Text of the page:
Harley-Davidson's net income more than tripled during the first quarter, yet the U.S. economy still weighed on sales at home and will continue to do so as the company retools its manufacturing operations.
Harley posted a net profit of $119.3 million for the quarter Tuesday, up from $33.3 million a year ago. But the 51-cent-per-share earnings fell short of analyst expectations for 55 cents. Harley earned 14 cents a share in the first quarter last year.
The company reduced the low end of its estimate for motorcycle shipments this year, as a precaution, because of possible supply interruptions due to the March 11 earthquake in Japan.
Profits, the company said, were driven by the financial services division, which saw operating earnings rise more than 150 percent.
Global sales also rose 3.5 percent, helping to offset a weak performance in the U.S., where sales fell 0.5 percent from the first quarter of last year.
The company reported motorcycle sales revenue of $1.06 billion, compared with $1.04 billion in 2010. That just edged out the expectations of most analysts.
CEO Keith Wandell said Harley was pleased by growth worldwide "even as we continue to encounter some headwinds in the U.S. related to the challenging macroeconomic conditions."
Earnings were also hit by restructuring efforts at the company's manufacturing operations in York, Pa. That will continue to affect Harley's finances until it is completed, Wandell said.
"When this manufacturing transition is completed next year, we will have a best-in-class, flexible, lean operating structure that we expect will yield substantial ongoing savings," he said.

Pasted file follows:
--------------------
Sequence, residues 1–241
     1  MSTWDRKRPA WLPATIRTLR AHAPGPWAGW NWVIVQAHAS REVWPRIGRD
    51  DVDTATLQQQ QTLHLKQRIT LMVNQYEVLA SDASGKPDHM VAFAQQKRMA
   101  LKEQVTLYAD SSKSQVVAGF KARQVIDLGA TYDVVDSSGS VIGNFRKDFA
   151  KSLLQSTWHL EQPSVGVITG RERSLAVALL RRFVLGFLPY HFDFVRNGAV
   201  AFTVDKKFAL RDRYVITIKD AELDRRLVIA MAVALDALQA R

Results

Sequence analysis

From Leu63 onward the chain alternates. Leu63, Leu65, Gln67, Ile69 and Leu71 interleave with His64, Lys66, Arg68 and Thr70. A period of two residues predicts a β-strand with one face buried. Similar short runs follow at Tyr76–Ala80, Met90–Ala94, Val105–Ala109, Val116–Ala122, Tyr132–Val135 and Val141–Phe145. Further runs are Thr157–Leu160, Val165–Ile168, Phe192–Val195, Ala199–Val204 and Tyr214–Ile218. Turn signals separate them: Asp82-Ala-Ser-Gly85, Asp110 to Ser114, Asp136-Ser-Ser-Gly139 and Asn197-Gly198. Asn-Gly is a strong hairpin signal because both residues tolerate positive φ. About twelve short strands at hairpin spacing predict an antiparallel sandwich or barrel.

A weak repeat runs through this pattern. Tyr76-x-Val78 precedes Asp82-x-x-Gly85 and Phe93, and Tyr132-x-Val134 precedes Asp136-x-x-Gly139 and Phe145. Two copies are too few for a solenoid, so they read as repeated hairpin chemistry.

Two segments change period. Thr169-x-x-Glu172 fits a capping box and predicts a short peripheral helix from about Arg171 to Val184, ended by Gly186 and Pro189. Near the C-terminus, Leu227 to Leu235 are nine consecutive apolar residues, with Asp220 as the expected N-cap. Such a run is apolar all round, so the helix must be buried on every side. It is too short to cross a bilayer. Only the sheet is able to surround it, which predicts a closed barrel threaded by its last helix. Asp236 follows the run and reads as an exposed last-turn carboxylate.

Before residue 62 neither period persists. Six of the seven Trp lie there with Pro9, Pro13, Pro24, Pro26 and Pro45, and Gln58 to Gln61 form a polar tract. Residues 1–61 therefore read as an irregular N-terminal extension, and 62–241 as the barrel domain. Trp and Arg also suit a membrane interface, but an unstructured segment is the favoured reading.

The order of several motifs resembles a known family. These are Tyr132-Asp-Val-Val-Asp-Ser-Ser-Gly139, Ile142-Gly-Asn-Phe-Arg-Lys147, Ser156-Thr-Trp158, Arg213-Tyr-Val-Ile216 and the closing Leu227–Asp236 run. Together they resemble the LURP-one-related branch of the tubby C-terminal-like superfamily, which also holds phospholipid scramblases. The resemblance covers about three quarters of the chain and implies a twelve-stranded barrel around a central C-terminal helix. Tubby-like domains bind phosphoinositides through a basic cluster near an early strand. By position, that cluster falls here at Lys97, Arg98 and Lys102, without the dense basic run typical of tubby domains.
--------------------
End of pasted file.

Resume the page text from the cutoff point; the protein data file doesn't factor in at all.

Two years ago, Harley and its union agreed to a seven-year contract at its main motorcycle assembly plant in York that cut staffing sharply.
Operating income from financial services rose to almost $68 million for the quarter, compared with $26.7 million in the year-ago period, due mainly to continued improvement in credit performance.
Harley said its suppliers get a limited number of parts, including electronics, from companies in Japan. In particular, a part in radios could affect shipment volume, but the company believes it has viable options for the radios and other parts, it said.
The company expects to ship 215,000 to 228,000 cycles worldwide this year, compared with previous guidance of 221,000 to 228,000.
"We continue to assess our supply chains, and as a precaution, we have decided to modestly reduce the lower end of our shipment guidance following the events in Japan," Wandell said.
Shares in Harley-Davidson Inc. fell 81 cents, or 2 percent, to $38.90 in premarket trading.
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